Weekly papers should be 500-1000 words long (1-2 pages single-spaced). They should include page citations and a list of references. Weekly papers should be emailed to me by 12:00 noon on the Sunday before class.

Weekly Presentations and Responses

At noon on Sunday, I will email the class a list of randomly chosen presenters and a randomly chosen respondent for each one. For the first class, we will have five presenter-respondent pairs, but we may adjust that number, depending on how the class goes. I will email the respondents and the rest of the class the five chosen papers. In class on Monday, the presenters will offer summaries of their papers. Comments should be around 10-15 minutes in length. If you have had additional thoughts since you finished your paper, feel free to include them. Do NOT simply read your paper. If you think graphs or illustrations will help us understand what you are saying, bring them in PowerPoint or a pdf or in paper handouts At the conclusion of each presentation, the respondent will have an opportunity comment on the presentation, ask for clarification, outline points of disagreement, alternative points of view, and the reasons for them, or discuss additional material that is relevant to the presenter's issue(s). Responses should run about 5-10 minutes. Presenters are expected to comment on the responses- do you agree, disagree, why? Do the respondent's comments help you to new insights or additional thoughts on the topic?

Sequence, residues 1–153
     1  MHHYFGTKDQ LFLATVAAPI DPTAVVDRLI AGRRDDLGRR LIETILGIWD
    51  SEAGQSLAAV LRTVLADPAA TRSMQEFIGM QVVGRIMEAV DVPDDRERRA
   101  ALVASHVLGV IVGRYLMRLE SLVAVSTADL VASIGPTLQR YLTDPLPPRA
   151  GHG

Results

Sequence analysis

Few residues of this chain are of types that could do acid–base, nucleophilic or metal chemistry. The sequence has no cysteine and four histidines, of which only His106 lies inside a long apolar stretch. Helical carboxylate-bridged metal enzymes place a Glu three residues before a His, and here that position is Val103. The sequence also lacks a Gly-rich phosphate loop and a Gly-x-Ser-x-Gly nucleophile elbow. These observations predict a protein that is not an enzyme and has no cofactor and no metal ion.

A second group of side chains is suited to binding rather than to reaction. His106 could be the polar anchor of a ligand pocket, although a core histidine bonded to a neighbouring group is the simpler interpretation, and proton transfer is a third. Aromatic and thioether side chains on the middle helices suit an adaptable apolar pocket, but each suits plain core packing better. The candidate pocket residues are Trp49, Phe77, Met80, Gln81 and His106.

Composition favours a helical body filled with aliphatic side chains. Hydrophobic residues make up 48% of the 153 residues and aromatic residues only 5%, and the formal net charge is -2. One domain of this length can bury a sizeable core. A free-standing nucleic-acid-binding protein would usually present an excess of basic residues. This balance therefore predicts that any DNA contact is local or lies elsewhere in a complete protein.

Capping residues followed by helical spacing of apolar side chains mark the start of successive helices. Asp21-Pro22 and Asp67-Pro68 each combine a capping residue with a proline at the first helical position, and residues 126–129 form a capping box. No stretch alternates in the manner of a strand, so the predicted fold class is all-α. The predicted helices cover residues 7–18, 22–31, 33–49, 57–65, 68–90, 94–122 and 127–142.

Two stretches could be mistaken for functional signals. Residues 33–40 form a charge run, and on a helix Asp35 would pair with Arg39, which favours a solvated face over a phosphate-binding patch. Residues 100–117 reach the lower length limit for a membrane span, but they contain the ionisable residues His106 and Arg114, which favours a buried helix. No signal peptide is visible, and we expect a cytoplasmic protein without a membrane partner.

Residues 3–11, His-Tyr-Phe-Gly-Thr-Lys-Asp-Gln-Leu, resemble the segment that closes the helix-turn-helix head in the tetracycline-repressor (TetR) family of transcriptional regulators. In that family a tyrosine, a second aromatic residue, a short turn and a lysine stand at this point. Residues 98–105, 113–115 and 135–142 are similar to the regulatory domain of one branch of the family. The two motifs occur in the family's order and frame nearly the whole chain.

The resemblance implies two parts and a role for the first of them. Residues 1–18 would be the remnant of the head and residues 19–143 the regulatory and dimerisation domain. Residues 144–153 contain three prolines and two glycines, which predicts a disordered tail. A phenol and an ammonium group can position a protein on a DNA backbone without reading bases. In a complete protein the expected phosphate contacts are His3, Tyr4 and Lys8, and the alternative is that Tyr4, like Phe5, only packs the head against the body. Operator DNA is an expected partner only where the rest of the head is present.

Class-Wide Discussion

After presentations and responses, we will open the floor to questions and comments from the rest of the class. If you were not chosen as a presenter or respondent, this is your chance to share with the class your insights and to respond to issues to raised in the discussion so far.

Final Poster Session